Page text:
If these minor technical blips are ironed out, we have no qualms in recommending Potata: Fairy Flower. It’s an odd name for a game, to be sure, but if you’re a fan of puzzle platformers and enjoy the magical fantasy tone on display here, you’ll have a great time over the course of its 10-hour runtime, and we’re more than looking forward to seeing an eventual sequel.
Far for being innovative in its form, Potata: Fairy Flower is still a charming title, thanks to its colorful universe and brazen protagonist. Quite short, the game presents some very few challenging puzzles but for the most part, it's an accessible experience.
Review in French | Read full review
While it may not be critically riveting, Potato: Fairy Flower is a game that is simply meant to be played and enjoyed. There is some storytelling, some sense of adventure, some pattern learning and an adversary to overcome. There are also some areas where it could use some polishing, but taken for what it is, this is a fun game.
At most, some people could consider Potata: Fairy Flower to be fine. The platforming is good enough, and the game's multiple endings provide a reason for a few replays of the short journey. Even the combat is serviceable once you recognize the game's faint tells about landing hits or being hit. However, from the boring puzzles to the bad translation and the performance and graphical issues, there's enough here to drain one's enthusiasm for the title. There are worse platformers out there, but there are also loads of other better platformers to enjoy before spending time with this one.
The platforming is dull, the puzzles are insultingly simple or totally unexplained and the game lacks enough character to be memorable or stand on its own. Unless you're really desperate, I would suggest you look elsewhere.
If you love cute 2D platformers and have a soft spot for inventory-based puzzles then Potata: Fairy Flower is a must-play indie title.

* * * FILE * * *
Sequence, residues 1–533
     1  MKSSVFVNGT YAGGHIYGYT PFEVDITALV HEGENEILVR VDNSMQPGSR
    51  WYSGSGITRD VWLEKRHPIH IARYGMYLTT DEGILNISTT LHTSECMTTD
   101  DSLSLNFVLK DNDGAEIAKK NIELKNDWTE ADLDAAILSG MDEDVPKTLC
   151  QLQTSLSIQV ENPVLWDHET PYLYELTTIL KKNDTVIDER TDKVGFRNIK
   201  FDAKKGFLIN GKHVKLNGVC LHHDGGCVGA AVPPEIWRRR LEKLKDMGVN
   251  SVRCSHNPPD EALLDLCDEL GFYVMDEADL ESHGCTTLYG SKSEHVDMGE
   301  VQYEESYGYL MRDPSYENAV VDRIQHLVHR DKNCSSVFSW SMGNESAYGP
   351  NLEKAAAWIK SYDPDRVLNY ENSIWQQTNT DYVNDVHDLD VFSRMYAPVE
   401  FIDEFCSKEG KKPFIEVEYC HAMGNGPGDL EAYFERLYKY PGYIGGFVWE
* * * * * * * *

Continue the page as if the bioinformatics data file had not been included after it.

Potata is a middle of the road puzzle platformer. Yes, it provides puzzling entertainment, and the solutions can be clever enough to make you crack a smile, but when the game is bogged down by a lot of genericness and frustrating moments, along with just how dull the experience is as a whole, I honestly can’t really recommend this at the usual MSRP: it controls fine enough to get you some entertainment if you pick it up on sale, but for the $12 MSRP, this is a puzzler that just doesn’t have the full magic.
Potata is an imaginative little romp through an enchantingly rustic, verdant world. Although it falters in its story, as well as its ability to tell it, the gameplay is clever, fun and challenging, and possesses an absolutely remarkable aesthetic effort. The game will only take around five hours to complete, which left me wanting more, and the price point of around 9 USD may seem steep for what it offers. Having said that, Potata remains an easy recommendation, as it will no doubt please those looking for a solid platforming and puzzle solving experience, one that will most definitely captivate you with its overabundant charm.